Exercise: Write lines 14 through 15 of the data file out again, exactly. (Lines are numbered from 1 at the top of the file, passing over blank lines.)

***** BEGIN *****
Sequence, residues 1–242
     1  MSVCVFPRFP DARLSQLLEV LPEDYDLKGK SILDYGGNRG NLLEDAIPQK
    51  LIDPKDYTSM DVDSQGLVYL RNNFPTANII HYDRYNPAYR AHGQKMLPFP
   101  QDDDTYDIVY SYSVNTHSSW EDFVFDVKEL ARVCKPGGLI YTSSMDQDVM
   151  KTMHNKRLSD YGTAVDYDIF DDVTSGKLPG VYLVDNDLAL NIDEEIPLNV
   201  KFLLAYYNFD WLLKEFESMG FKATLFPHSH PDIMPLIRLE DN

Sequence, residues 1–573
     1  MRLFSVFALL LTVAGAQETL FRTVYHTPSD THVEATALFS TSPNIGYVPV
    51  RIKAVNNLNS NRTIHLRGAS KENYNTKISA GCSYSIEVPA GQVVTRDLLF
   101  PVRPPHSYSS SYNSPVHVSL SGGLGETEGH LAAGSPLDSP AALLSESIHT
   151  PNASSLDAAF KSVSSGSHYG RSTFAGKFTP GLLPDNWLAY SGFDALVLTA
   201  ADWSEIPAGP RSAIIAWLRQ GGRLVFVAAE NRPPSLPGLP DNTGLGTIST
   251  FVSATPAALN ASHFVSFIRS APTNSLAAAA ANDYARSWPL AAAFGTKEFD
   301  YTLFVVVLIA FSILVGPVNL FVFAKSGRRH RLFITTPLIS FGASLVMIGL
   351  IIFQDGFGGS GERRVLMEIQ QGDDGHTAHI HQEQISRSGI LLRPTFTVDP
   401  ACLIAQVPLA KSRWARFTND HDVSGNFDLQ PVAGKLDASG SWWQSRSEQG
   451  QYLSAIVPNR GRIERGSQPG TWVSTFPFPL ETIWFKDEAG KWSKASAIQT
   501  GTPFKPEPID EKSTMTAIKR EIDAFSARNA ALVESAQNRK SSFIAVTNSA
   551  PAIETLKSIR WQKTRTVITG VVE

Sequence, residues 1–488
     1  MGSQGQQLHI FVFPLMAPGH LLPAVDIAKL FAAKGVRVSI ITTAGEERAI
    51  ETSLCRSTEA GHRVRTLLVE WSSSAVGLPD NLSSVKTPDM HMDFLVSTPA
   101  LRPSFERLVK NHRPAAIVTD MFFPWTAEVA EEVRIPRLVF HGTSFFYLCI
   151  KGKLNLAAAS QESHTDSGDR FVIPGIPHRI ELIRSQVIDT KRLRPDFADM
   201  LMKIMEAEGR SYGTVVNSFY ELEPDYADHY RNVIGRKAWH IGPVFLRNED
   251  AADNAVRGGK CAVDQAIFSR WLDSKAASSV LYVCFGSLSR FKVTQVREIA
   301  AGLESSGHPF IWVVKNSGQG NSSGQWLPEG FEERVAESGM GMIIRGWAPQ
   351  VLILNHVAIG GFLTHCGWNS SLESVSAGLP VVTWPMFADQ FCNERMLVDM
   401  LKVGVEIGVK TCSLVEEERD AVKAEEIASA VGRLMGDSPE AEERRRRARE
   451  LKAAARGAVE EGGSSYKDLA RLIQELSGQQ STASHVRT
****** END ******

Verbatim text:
   301  YTLFVVVLIA FSILVGPVNL FVFAKSGRRH RLFITTPLIS FGASLVMIGL
   351  IIFQDGFGGS GERRVLMEIQ QGDDGHTAHI HQEQISRSGI LLRPTFTVDP